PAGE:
This Ranch Goes Waaaaaaayyyyy Back... to the 1800's!
Written by Gayle
In 1866, after the Civil War, J.R. Thurmond sailed from North Carolina to California to buy some land. He bought more than 100 acres in Carpinteria, and then sailed back to North Carolina. Three years later he returned with his wife and two other couples. They started growing pampas grass that they shipped to the East Coast where the rich society used them to decorate their parlors--fancy!
Over the years since then, the farm has produced walnuts, lima beans, lemons, and now avocados. Of course the 100 acres was divided up for the heirs of the three original owners, and now Las Palmalitas Ranch is about 20 acres. The Ranch was names Las Palmalitas because once there were palm trees lining the road leading from the Ranch to the main road, Santa Monica, in Carpinteria.
Last month I had a wonderful time with Sharron, Will, and Billy Carlton, learning all about the history of the Ranch. J.R. Thurmond is Sharron's great-grandfather, and there have been family members living and working on the Ranch for over 140 years. Many family members came and went, but there has always been a strong sense of loyalty to the property and the Ranch. Even though many of them moved away, they would return there often.
Sharron's grandfather, Burchell Upson, was a friend of J. R. Thurmond at Stanford. He visited the Ranch and then met his wife, a member of the Thurmond family. He stayed in Carpinteria, and he brought avocados to the Ranch in 1917. He was one of the founding members of Cal-Avo, a Cooperative venture with a public stake. Up until the 2000s, Cal-Avo did all of the harvesting and packing of the avocados.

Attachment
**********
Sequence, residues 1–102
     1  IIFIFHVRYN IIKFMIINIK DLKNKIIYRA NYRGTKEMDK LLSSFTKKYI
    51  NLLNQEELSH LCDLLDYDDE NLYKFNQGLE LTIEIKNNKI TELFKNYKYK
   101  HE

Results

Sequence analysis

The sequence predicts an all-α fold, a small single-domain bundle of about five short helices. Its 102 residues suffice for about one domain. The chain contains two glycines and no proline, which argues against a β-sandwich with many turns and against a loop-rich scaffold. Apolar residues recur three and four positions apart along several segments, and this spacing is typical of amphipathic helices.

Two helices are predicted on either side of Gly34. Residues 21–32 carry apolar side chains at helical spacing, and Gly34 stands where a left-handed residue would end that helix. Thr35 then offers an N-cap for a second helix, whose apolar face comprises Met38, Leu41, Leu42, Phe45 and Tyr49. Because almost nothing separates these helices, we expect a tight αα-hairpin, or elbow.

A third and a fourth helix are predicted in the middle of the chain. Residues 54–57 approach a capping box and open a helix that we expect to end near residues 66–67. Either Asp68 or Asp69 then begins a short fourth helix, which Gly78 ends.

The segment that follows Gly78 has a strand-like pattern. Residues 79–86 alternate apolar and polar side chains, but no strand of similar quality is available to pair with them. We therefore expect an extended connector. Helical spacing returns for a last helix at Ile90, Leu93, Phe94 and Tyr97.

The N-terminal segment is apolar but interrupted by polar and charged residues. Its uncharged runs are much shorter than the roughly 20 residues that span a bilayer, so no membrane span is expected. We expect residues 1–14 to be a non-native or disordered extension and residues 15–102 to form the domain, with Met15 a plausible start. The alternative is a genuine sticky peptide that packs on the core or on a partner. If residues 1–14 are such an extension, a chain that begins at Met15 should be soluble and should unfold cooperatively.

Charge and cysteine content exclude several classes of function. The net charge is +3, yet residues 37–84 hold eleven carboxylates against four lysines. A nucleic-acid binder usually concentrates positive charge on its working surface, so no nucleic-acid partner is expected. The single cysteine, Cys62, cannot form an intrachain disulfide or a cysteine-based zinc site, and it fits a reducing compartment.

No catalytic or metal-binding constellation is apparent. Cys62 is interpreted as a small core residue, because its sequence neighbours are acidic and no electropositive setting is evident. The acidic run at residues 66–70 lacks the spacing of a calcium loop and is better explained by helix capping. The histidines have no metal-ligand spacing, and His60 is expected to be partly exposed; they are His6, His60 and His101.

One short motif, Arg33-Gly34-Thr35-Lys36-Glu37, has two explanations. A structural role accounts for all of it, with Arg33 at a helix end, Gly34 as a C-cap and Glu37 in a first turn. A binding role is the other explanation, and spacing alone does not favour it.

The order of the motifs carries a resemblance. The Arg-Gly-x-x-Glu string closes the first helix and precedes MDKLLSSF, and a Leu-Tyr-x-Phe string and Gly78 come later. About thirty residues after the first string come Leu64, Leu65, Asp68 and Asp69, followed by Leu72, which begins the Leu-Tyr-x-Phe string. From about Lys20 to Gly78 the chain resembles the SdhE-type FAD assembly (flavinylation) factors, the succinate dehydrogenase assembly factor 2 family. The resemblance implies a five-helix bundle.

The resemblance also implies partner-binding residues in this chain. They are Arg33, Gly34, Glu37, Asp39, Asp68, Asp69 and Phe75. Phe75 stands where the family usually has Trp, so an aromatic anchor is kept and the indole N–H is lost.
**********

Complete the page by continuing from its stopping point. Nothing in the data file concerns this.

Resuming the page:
In the early 1960s, Sharron's mother took over the Ranch business, but her avocation was spoiling her grandchildren! Sharron said that in her eyes they could do no wrong. About 20 years ago, Sharron took over the role of running the Ranch. Her grandson, Billy, started working full time at the ranch in 1989, and now plays a major role in the day-to-day operations.
In 2001, the Ranch became a Certified Organic Farm. They grow mostly Hass avocados, but also McArthur, and Fuerte, which were the original sales crop avocado on the Ranch.
When the Ranch became Certified Organic, they also starting doing their own harvesting and packing, which gave them more control and transparency. The Hass avocado has a 12-to-18-month growning cycle, so there are two crops on the trees at the same time. One interesting fact is that the Avocado Commission tests the fruit for oil content, and growers are not allowed to pick the fruit until the Commission says it is time! Generally the harvest starts in late April or early May, and the harvest goes on until October. But if the weather has been particularly cool, the harvest may go into December.
I was able to see the Las Palmalitas Ranch Packing House, too. Here the avocados are sorted by machine and also checked for blemishes by hand.
This machine sorts the fruit by size, and the workers are checking for blemishes. Las Palmalitas also buys avocados from other Certified Organic farmers in the area who do not have packing facilities. About 40% of the fruit in their boxes come from their Ranch. Las Palmalitas labels all of their boxes, so the stores and restaurants can easily tell when the fruit was harvested and its source.
After packing, the fruit is refrigerated until it is delivered to stores and restaurants in the area. Billy said that from the tree to delivery is generally about 3-4 days, so we are getting very fresh fruit with every delivery!
Lassen's loves featuring our wonderful local producers in all of our stores. We are so fortunate to live where so much wonderful produce is grown. And there's nothing like an Organic California avocado to complement so many wonderful dishes! Even eaten just by itself is a great treat. So enjoy delicious and healthy Organic California Avocados!
For my delicious guacamole recipe, click here.
(You'll get my salsa recipe at the same time--lucky!)